As an educator who strives to continuously improve upon what I’m doing in the classroom, I know how important it is to stop, take a breath, and reflect. Despite knowing this, I’ve been finding it challenging to document my teaching and learning experiences. I think it is because I am still adjusting to life at Burlington. I’m still adjusting to a school culture where I am given tremendous autonomy, support, and empowerment as a teacher. In a sense I am still experiencing culture shock, but in the best way possible. However, for the past several months, I’ve been internalizing most of what I’ve been doing in the classroom. And I know I shouldn’t. I consider myself a connected educator, so I should do what all connected educators do. I should be sharing on a more consistent basis the ups and downs, successes and challenges of life as an educator. This is not to say that I have kept all of my experiences to myself.

I do love the connectedness I have with fellow educators on Twitter and Google+, but I am still “old school” in the sense that for me, nothing beats a phone call and an extended conversation. I know  you are thinking, “phone call? how does she make phone calls? what kind of technology is she using? Is there a new app I’m unaware of?” What most people don’t realize is that an iPhone, or Android device, actually does have the capabilities of making and receiving phone calls. You hear another person’s voice and everything. It is quite thrilling. But I know for most of us, phone calls aren’t the preferred method of communication. I get it. I don’t like it, but there’s not much I can do about it. All kidding aside, I do prefer phone conversations with my colleagues and friends. In fact, several of my virtual “friends” whom I met initially on Twitter are actually people I’ve developed friendships with in real life. Imagine that? It’s pretty amazing what can develop from 140 characters.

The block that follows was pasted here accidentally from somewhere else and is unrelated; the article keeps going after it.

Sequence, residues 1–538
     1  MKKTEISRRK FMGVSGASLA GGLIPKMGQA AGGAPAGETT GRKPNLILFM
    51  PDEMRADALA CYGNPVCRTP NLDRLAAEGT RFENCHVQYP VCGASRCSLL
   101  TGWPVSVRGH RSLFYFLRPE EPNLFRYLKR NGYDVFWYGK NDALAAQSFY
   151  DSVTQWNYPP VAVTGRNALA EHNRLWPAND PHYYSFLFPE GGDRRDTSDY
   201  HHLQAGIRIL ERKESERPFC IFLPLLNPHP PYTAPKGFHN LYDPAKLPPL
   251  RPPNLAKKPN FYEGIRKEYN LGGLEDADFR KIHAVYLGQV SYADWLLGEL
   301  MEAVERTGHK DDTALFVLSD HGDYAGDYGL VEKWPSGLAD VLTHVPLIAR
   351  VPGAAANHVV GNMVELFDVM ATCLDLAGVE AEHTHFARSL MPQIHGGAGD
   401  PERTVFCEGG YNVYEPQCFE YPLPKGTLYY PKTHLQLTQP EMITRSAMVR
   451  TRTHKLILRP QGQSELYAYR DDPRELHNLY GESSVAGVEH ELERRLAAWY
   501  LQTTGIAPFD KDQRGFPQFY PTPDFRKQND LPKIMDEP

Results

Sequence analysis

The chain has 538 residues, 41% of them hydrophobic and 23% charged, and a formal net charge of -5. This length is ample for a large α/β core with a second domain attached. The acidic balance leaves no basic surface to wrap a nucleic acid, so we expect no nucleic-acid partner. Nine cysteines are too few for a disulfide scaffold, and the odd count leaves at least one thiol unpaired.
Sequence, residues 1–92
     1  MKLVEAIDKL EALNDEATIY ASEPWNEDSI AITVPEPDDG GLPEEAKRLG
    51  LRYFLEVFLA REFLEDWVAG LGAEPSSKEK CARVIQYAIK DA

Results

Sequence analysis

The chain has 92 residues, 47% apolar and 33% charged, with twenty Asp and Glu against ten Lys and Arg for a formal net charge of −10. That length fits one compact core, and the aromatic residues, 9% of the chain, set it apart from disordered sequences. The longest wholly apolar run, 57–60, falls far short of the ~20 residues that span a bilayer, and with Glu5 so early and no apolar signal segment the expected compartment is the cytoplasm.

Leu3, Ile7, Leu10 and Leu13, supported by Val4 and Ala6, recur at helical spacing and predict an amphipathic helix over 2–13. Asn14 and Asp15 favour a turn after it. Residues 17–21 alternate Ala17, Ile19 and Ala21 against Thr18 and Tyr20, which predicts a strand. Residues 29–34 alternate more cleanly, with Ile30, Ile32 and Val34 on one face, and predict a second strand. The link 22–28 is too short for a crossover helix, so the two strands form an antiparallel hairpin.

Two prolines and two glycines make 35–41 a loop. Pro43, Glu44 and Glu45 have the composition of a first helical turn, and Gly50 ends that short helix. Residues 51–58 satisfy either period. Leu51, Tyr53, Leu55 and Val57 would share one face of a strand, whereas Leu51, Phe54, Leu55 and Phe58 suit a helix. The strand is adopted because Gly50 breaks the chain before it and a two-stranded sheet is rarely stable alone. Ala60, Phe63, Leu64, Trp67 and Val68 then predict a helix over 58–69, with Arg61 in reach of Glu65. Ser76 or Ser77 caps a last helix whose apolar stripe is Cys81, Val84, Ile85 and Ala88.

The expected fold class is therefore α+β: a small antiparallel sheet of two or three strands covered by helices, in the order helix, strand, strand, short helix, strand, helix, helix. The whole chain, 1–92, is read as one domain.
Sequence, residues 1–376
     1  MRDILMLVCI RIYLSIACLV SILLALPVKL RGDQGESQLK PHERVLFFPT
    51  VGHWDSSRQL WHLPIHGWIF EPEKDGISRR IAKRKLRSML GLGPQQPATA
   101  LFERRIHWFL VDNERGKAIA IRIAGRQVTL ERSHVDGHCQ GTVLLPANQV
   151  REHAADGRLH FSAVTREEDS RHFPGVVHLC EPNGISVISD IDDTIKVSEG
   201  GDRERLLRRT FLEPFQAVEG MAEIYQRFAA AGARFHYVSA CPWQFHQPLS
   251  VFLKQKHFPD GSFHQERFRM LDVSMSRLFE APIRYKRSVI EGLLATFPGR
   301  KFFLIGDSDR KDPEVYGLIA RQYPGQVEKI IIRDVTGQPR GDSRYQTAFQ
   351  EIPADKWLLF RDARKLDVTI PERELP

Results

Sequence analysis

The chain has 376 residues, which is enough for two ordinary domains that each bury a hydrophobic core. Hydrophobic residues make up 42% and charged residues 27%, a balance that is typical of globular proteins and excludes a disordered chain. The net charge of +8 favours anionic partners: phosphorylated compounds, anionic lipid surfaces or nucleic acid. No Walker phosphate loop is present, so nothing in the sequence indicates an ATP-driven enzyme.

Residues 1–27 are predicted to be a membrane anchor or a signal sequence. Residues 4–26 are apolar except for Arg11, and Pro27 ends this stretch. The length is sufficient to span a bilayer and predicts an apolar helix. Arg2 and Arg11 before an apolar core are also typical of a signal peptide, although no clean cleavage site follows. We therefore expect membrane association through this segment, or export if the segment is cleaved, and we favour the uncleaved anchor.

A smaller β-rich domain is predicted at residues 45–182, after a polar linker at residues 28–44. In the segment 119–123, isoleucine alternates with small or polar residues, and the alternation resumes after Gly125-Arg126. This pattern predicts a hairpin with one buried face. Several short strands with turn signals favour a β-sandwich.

Like my phone conversations, which tend to be long, my blog posts, while still sporadic, tend to break the blogging rules of short and sweet. However,  I’m doing this (blogging) predominantly for myself. Again, I’m breaking one of the basic rules of blogging by writing for myself, but my blog stats don’t lie and I’m ok with that. My students have been blogging for about four weeks and most have more pageviews than I do, which I love by the way. I’d love to write a Seth Godin-type post that’s fifty or so words and gets me thousands of followers, and allows me to blog for a living, but who am I kidding? That’s not really what I want or why I blog. I’m definitely in the education field for life. Perhaps I won’t always be in the classroom, but I care too much about students and couldn’t imagine my life without having some interaction with kids.

For me, this “personal blog” is a space I’ve dedicated to reflections on my teaching and learning (as the tagline reads). If someone happens to read this and can relate to my experiences or it helps or inspires another educator in some way, then great. Glad to have helped!  But reflecting on my practice as an educator is essential. I know that. I have to do it more and yestetday I was reminded of that by my Assistant Superintendent Patrick Larkin. He dropped by the Help Desk and we were able to catch up. I mentioned I wanted to blog about the exciting things that were going on but that I just hadn’t found the time. He encouraged me to try and write a short reflection, or a series of short reflections. So I’ve taken his advice. The reflection part. Not the short part. I have a few subscribers, which is still amazing to me, and they know that short posts are not my specialty. Whenever I do finally sit down to write a post on this blog, it reminds me of just how much I love to write. I guess these long posts are indications that I have a lot to share and need to stop internalizing everything. So here’s a reflection on Friday.